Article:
The first steps are the hardest: 3 lessons learned on a BLS truck
"With every role we take during our career, in a way, we are auditioning for the next"
For the last call of our 12-hour shift, my partner and I were dispatched to the hospital to transport a 96-year-old female back to her home to die – the exact opposite of what I had been trained to do during EMT school.
This was years before I worked for the fire department, back before I had finished my first semester of paramedic school, when I was still the new guy assigned to a basic life support (BLS) truck for a private ambulance company.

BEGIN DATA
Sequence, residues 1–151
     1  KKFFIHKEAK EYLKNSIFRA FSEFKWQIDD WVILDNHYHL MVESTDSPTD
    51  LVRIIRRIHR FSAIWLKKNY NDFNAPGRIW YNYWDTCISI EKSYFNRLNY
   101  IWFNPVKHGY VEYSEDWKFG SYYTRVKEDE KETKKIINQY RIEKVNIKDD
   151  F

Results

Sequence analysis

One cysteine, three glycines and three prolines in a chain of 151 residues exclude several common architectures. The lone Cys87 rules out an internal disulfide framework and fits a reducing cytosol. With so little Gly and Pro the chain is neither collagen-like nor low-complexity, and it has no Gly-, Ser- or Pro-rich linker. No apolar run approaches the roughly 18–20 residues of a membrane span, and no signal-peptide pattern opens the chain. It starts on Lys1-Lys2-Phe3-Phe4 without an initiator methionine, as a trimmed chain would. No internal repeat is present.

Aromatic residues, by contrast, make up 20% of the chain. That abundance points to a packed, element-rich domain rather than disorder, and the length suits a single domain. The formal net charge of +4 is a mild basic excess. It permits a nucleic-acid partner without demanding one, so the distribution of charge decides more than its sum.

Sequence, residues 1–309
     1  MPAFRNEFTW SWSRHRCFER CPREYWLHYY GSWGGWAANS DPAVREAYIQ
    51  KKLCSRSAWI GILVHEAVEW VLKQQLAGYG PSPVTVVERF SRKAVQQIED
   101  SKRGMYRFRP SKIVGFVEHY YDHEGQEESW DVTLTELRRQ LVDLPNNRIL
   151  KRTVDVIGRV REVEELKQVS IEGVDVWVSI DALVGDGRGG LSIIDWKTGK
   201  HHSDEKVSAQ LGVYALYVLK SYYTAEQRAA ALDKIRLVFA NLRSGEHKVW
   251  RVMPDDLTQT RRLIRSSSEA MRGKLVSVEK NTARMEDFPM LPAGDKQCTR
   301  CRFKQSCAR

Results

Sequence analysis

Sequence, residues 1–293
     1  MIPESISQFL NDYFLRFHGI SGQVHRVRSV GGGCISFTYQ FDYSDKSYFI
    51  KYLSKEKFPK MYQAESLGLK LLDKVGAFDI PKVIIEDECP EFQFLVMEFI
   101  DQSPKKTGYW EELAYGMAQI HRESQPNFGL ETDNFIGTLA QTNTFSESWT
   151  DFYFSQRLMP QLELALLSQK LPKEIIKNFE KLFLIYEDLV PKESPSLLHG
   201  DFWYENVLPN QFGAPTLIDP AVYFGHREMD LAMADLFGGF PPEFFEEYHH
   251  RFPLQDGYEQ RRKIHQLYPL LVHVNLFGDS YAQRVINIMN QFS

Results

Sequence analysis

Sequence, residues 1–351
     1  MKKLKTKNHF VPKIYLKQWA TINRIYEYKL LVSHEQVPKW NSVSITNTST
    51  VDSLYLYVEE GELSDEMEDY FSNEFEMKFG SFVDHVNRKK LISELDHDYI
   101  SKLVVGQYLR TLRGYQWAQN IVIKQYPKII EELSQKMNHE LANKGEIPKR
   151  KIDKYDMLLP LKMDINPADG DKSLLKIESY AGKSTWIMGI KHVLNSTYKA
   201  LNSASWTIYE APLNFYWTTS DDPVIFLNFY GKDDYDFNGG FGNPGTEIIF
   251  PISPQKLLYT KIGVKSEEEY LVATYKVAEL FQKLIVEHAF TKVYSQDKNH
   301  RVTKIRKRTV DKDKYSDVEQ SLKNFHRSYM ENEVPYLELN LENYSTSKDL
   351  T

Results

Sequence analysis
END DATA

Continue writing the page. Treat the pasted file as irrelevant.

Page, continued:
Up to that point, my transport experience consisted of taking dialysis patients to and from their appointments. Those patients had been chronically ill, but this patient was actively dying. I had never seen that before.
The nurse handing over the paperwork sensed my unease. “Just drive fast,” she said. After we loaded the patient into the truck, we got stuck in rush hour traffic.